13

I am using CSS shader + animation. My shader class is defined as follows:

.shader{
-webkit-filter :custom(url(v.vs) mix(url(f.fs) multiply destination-over), 200 200);
-webkit-animation-name: test;
-webkit-animation-duration: 2s;
-webkit-animation-iteration-count: 1
}

I am trying to set/unset the styles(shader+animation) dynamically using jquery through $('#holder').addClass('shader'); and $('#holder').removeClass('shader');

However, the weird thing is when I reset the class (e.g., calling addClass after removeClass), only the shader gets reapplied but the animation doesn't (I have hooked the AnimationStart event to see when my animation starts). Anyone know why this is the case and how I can solve it?

Edit: I added a simplified version of JSfiddle snippet here. Essentially I'm re-applying the animation to a div twice but the actual animation only gets called the first time.

6

10 Answers 10

29

The problem is that, even though you remove and then re-apply the animated class, you do this in the course of a single, blocking function. When your function exits, it appears to the rendering engine that nothing has changed.

One solution (the one that you chose), is to clone the element and destroy the original. This is fine, but if you had any event bindings to the original element (i think) they they will be destroyed too.

Another approach is to remove the animated class from the element, and then wrap the code that re-applies the class inside of a setTimeout() call with a very small delay, e.g.

$('#holder').removeClass('shader');
setTimeout(
    function(){$('#holder').addClass('shader')}
    , 1);

I've tweaked your jsfiddle to use this approach: http://jsfiddle.net/HuFBN/7/

2
  • 4
    This is the correct answer. Extra points go for explaining why this hack is needed ("When your function exits, it appears to the rendering engine that nothing has changed"). Jul 10, 2014 at 9:47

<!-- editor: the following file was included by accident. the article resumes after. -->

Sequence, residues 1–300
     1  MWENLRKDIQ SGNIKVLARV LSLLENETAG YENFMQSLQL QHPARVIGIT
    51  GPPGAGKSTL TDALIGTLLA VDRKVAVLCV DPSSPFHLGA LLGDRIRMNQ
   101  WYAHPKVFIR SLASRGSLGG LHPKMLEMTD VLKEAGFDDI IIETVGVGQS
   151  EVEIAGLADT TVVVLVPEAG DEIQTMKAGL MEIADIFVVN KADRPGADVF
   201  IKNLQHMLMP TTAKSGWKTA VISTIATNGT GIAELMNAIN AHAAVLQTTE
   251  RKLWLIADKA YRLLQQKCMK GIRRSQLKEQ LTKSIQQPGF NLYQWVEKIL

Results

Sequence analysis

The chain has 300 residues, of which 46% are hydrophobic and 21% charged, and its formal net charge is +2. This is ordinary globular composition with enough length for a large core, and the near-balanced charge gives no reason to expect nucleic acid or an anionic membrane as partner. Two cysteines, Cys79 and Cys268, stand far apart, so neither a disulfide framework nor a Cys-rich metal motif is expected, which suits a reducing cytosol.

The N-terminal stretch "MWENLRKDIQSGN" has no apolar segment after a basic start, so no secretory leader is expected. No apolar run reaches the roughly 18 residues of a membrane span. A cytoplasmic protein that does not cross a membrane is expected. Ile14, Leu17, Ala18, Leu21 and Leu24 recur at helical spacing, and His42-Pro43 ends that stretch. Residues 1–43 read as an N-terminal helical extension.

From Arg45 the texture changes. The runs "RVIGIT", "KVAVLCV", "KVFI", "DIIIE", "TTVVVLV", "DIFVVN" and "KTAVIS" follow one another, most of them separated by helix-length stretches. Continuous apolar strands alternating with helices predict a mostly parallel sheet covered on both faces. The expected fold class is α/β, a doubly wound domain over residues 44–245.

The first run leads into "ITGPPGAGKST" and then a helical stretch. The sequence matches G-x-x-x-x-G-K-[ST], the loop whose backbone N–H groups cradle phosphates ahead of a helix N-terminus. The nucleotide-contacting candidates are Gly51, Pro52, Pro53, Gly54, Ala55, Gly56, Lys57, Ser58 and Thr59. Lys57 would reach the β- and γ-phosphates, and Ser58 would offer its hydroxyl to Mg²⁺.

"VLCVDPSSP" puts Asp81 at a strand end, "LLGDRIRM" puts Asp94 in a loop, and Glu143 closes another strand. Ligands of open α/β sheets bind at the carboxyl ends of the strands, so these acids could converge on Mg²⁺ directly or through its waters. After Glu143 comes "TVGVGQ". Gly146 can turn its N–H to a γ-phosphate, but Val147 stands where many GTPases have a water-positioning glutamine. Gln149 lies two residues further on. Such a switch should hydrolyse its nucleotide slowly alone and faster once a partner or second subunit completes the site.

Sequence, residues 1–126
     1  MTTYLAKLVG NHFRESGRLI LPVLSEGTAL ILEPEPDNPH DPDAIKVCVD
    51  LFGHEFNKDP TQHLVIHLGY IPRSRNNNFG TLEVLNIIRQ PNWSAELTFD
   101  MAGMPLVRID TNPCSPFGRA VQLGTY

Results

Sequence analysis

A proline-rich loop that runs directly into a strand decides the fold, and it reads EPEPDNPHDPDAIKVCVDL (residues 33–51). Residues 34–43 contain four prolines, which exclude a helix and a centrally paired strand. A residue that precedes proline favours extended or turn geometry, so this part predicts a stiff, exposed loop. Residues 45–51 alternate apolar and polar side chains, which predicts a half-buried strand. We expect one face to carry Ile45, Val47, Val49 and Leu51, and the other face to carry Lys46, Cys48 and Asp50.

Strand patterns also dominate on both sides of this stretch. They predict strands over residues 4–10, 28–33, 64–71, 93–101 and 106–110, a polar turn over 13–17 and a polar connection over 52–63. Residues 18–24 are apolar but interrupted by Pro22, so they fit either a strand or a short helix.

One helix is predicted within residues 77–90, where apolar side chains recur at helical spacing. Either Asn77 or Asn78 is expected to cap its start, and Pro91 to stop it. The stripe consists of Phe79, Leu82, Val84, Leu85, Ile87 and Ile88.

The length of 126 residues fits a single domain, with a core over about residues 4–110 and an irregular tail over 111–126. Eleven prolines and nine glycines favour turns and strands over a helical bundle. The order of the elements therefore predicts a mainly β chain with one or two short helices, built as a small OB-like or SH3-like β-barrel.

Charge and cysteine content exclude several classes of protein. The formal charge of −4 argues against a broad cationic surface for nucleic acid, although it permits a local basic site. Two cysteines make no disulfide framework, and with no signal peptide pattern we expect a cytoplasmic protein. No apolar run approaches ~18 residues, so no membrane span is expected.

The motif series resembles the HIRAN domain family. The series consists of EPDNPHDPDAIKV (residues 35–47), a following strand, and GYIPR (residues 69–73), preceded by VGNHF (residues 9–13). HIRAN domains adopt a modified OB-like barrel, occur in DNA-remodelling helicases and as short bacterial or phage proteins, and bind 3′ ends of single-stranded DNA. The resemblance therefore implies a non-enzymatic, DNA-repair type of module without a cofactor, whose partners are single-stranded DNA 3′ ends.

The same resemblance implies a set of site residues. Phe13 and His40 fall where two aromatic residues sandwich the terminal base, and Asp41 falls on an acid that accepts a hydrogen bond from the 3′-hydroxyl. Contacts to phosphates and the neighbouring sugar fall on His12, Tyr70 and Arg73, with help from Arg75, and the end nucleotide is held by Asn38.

• This worked for me. What I also like about it this too is that you can easily adjust the delay in this approach as when it should start again. thanks!
    – klewis
    Nov 10, 2015 at 17:18
5

According to a 2011 article on css-tricks.com, triggering a reflow in between removing and adding the class will restart the animation. Example (verbose):

$('#holder').removeClass('shader');
$('#holder').offsetWidth = $('#holder').offsetWidth; // triggers reflow
$('#holder').addClass('shader'); // restarts animation
2
  • Apparently this breaks in javascript strict mode.
    – Adam
    Sep 5, 2014 at 1:36
  • @Adam I don't see how this breaks strict mode. Do you have more details?
    – feklee
    Sep 8, 2014 at 13:45
4

I think I figured it out. According to this, css animation can't get applied to the same node twice (even if you have a different animation!). So I had to clone the node, remove the original, and add back the cloned node.

0
1

You need to recreate your element.

function resetAnimation(jqNode) {
   var clone = jqNode.clone();
   jqNode.after( clone );
   jqNode.remove();
   jqNode[0] = clone[0];
}
1
  • It's a very useful method to reset animations also. Thanks.
    – sentenza
    Nov 11, 2016 at 13:25
1

with this simple code you do it ( you must use to triggers reflow .width() ):

$('#holder').removeClass('shader');
$('#holder').width();
$('#holder').addClass('shader');
0

Try using this just after you apply the animation - given that "e" is your animated element:

e.outerHTML = e.outerHTML;
0

way to trigger a reflow:

  element.classList.remove("class");
  element.scrollBy(0, 0);
  element.classList.add("class");

works in strict mode! doesn't require a write operation on a read-only value! doesn't require a whole new function! one line and go! :)

0

I'd be happy to hear any criticism with my method using requestAnimationFrame as I don't see anyone else using it:

element.classList.add("class");
window.requestAnimationFrame(() => element.classList.remove("class"));
0

Another approach is to remove the class when the animation ends by using an animation callback:

element.addEventListener("webkitAnimationEnd", callfunction,false);
element.addEventListener("animationend", callfunction,false);
element.addEventListener("oanimationend", callfunction,false);

And inside of callfunction you remove the animation class.

Note that this will allow you to restart an animation as long as the previous one has finished, I'm currently unsure of how to interrupt animations, but animation-play-state may be able to work for that.

-1

You definitely have to remove class that contains animation and then add it again. It should also work without .offsetWidth . It worked for me. So

$('#id').removeClass('animationClass');
$('#id').addClass('animationClass'); // starts animation again

should do the trick.

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